Carson Block says it's become too difficult to short Chinese equities in the US as bets on stock declines drop by 50 per cent from a year ago.
Block, known for his allegations that Chinese companies traded in North America engaged in accounting fraud, said in an interview on Tuesday that he's lost interest in betting against the stocks because the government helps protect them.
Short interest in the 83 biggest Chinese firms listed in New York has dropped to an average 2.61 per cent of the total outstanding, from 5.22 per cent a year ago.
Short sellers, who sell securities they don't own to buy them later at a lower price, are retreating as China limits access to corporate filings and companies such as Focus Media Holding try to withdraw from the market through buyouts.
The Bloomberg China-US Equity Index of the most-traded Chinese stocks in the US has climbed 1.5 per cent this year and Focus Media, which Block's Muddy Waters targeted last year, has reversed losses to gain 22 per cent in 2012.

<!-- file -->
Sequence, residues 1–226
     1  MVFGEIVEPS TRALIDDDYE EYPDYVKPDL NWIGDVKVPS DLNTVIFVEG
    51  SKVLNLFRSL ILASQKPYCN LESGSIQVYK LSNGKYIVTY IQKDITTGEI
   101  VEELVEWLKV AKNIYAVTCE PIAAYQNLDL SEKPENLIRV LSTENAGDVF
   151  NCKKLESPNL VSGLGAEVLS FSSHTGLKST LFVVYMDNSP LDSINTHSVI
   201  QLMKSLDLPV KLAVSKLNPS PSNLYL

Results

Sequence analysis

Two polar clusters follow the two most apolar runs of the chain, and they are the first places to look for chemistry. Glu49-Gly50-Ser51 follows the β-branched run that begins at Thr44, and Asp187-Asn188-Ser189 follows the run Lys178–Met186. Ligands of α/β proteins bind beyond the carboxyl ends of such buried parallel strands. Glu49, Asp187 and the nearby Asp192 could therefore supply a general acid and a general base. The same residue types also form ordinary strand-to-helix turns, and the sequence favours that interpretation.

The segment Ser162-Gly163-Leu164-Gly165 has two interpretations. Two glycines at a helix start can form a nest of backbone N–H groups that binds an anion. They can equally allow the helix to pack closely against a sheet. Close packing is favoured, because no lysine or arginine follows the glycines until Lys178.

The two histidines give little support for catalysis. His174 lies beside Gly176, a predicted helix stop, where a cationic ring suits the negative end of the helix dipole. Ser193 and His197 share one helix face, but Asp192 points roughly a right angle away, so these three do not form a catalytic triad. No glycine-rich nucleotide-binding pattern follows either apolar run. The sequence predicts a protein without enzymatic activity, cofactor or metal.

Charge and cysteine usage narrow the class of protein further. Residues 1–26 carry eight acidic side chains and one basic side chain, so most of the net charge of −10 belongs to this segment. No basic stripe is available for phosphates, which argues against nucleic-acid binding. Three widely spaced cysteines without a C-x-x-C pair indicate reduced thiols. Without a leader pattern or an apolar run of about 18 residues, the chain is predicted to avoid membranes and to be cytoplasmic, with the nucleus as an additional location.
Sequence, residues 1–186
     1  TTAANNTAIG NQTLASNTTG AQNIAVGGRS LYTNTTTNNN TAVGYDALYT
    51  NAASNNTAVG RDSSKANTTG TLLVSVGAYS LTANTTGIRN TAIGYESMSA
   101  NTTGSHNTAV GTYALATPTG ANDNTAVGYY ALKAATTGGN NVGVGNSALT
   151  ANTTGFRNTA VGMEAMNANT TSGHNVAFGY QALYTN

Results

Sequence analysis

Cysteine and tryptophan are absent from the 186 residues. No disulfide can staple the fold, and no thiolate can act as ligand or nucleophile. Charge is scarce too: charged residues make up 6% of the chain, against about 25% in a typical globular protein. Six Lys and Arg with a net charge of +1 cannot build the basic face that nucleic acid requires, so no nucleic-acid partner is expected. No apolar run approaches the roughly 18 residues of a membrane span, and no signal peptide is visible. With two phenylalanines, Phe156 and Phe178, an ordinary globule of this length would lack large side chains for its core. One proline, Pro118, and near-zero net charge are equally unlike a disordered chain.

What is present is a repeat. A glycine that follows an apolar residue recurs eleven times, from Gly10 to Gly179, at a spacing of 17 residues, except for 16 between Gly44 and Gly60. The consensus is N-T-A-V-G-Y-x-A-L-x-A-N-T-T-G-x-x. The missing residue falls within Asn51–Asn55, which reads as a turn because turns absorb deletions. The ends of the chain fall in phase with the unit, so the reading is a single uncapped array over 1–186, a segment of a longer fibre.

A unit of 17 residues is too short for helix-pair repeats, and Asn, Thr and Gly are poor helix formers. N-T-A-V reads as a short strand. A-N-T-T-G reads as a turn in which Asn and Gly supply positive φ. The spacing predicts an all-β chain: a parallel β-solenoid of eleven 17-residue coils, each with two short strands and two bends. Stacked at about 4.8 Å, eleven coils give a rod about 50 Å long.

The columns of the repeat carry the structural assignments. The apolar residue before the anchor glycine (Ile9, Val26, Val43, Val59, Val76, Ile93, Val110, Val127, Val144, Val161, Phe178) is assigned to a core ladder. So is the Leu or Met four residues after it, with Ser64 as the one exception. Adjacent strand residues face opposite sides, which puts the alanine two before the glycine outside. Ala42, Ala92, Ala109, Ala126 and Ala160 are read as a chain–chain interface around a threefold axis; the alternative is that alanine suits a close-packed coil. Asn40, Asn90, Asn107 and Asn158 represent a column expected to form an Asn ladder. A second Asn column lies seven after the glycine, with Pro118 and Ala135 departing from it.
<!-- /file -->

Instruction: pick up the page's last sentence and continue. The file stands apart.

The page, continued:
"Investors will be more comfortable knowing that the threat of short-seller attacks is a lot less than it used to be and a lot of companies have stepped up their corporate governance," said Kevin Pollack, a managing director at Paragon Capital in New York, which invests in Chinese stocks.
"The fact a guy like Carson Block isn't aggressively shorting companies hopefully will lead to more investor interest that otherwise would have been scared away," he said.
Block, a 36-year-old lawyer, became the face of the short-sellers against overseas traded Chinese companies last year after his report accusing Sino-Forest of overstating its plantation assets prompted the shares to slump 74 per cent.
Sino-Forest filed for bankruptcy protection in March, wiping out US$3 billion in value.
Muddy Waters then switched focus to New Oriental Education & Technology Group and Focus Media.
Their shares have all rebounded after initial slumps when Block questioned their accounting. Both companies have denied any wrongdoing.